One Monday, Robert Halliday receives a bomb threat in the mail. Two days later, the bomb arrives—accompanied by an offer of employment from one Karliss Zander, an international fixer. Unless Halliday agrees to help him edit the memoirs of a 19th century Russian terrorist and ghostwrite an exposé of modern terrorist governments, Zander will detonate the bomb. For the sake of self-preservation, Halliday joins the project—but quickly discovers that Zander requires more than mere literary assistance: He and his daughter are in mortal peril from a Middle Eastern terrorist group. Now tangled in this massive international web of danger, Halliday wonders if it wouldn’t have been far less painful if that bomb had just gone off. The Care of Time, Eric Ambler’s final novel, is a carefully constructed, utterly absorbing story of intrigue and suspense, one of the most acclaimed works of his more than sixty year career.
About Eric Ambler
Eric Ambler is often said to have invented the modern suspense novel. Beginning in 1936, he wrote a series of novels that introduced ordinary protagonists thrust into political intrigues they were ill prepared to deal with. These novels were touted for their realism, and Ambler established himself as a thriller writer of depth and originality. In the process he paved the way for such writers as John Le Carre, Len Deighton, and Robert Ludlum. He was awarded four Gold Daggers and a Diamond Dagger from The Crime Writers Association, named a Grand Master by the Mystery Writers Association, and was made an Officer of the Order of the British Empire by Queen Elizabeth. In addition to his novels, Ambler wrote a number of screenplays, including A Night to Remember and The Cruel Sea, which won him an Academy Award nomination.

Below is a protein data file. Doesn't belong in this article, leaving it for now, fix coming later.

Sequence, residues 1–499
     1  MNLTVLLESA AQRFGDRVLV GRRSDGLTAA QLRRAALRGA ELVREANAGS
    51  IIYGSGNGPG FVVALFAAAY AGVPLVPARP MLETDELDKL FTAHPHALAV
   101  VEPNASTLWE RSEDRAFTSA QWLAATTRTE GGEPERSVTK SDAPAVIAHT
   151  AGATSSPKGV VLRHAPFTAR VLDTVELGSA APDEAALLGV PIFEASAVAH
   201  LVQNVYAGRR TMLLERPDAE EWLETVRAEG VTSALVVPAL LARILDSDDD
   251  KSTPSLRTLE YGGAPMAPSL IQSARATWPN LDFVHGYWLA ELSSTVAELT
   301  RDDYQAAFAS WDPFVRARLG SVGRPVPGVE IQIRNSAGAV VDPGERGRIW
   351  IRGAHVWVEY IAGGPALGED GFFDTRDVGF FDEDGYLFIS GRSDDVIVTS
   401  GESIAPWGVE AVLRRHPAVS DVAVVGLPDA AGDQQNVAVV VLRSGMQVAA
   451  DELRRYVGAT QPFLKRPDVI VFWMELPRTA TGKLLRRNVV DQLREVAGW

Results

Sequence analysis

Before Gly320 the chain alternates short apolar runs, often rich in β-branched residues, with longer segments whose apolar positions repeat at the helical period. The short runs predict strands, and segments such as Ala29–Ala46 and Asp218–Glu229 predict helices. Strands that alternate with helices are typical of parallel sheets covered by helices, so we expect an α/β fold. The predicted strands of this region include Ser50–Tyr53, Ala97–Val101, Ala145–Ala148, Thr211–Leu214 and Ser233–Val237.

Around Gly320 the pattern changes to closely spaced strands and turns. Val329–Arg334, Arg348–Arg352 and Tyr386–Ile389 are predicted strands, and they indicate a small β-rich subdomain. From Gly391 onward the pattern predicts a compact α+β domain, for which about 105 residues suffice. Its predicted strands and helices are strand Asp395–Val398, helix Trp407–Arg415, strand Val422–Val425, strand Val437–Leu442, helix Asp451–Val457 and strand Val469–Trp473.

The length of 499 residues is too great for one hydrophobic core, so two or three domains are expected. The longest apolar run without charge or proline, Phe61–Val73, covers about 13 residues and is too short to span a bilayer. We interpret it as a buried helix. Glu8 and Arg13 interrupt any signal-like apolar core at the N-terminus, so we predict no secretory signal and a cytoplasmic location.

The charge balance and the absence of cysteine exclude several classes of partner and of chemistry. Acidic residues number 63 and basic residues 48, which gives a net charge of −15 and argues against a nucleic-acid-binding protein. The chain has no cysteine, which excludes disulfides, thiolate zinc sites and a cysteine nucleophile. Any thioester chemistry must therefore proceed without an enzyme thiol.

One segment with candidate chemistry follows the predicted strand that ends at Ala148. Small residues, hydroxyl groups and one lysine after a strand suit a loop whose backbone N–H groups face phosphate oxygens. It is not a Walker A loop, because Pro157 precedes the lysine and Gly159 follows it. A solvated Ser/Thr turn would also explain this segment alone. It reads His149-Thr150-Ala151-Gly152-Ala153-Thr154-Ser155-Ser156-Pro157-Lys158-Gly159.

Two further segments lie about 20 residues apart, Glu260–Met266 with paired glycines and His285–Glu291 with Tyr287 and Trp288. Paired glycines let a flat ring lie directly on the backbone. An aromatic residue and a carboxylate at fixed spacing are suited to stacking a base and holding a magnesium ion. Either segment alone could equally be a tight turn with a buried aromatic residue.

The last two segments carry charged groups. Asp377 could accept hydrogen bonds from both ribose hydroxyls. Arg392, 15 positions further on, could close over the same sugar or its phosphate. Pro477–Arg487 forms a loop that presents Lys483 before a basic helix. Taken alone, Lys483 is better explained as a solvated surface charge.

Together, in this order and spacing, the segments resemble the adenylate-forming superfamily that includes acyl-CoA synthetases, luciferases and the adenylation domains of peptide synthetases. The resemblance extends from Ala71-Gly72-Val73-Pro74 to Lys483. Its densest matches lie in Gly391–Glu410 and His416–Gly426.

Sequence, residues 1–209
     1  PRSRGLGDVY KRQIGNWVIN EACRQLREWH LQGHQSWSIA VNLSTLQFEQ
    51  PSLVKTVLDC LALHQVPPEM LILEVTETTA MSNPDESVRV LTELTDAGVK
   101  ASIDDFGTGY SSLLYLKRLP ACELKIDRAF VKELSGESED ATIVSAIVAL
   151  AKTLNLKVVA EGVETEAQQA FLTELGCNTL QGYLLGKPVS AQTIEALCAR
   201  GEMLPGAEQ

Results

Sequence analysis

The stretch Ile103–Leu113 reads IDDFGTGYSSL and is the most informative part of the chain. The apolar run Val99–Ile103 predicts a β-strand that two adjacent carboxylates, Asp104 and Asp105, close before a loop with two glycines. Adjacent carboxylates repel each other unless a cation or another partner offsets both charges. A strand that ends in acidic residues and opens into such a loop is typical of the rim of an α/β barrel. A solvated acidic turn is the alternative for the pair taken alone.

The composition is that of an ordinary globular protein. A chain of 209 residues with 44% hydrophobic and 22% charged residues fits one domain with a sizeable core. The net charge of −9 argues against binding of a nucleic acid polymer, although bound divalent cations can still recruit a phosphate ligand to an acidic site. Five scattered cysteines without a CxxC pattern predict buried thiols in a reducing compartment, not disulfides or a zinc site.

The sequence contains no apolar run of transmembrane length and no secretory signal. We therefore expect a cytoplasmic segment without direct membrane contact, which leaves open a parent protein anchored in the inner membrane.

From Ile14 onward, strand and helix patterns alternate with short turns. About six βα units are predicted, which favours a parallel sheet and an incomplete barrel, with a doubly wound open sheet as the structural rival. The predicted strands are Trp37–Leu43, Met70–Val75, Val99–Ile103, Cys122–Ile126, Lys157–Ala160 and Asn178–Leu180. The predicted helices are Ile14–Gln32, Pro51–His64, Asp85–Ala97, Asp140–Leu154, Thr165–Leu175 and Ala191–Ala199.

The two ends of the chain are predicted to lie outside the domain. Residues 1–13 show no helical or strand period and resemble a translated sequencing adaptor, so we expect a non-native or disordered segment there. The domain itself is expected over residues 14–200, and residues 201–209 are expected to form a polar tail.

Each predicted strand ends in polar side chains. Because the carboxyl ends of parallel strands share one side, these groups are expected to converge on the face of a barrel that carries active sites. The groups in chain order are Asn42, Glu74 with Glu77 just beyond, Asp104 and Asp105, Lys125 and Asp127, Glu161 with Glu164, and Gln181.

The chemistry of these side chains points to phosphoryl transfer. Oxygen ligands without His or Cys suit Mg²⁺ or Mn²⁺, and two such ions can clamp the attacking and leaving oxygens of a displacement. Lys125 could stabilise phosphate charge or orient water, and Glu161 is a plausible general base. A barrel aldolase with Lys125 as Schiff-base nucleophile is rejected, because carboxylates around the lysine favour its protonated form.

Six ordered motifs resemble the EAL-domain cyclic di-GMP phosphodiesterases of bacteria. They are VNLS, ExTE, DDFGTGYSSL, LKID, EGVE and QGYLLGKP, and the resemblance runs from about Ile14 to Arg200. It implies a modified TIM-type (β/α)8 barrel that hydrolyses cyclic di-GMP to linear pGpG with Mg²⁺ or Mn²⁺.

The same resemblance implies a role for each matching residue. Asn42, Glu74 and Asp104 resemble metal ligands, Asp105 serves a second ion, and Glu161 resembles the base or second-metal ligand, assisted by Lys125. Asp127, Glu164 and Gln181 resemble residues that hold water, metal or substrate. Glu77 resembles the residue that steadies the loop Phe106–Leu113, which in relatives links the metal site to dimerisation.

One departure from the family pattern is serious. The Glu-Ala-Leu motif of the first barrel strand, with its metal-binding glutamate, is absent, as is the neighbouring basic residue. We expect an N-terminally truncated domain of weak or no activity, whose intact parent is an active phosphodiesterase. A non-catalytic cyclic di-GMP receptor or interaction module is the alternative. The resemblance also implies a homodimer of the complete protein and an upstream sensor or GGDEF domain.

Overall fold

A New York Times Notable Book
“A brilliant, polished performance in which all Mr. Ambler's characteristic skills are on display. . . . The thinking man’s thriller of the year.” —Julian Symons, The New York Times Book Review
“The Care of Time is quintessential Ambler. . . : Ironic, cerebral, smooth as vintage port, he has created an all-too-familiar world of double-cross and blackmail where the heroes are unheroic and the villains almost likable.” —Time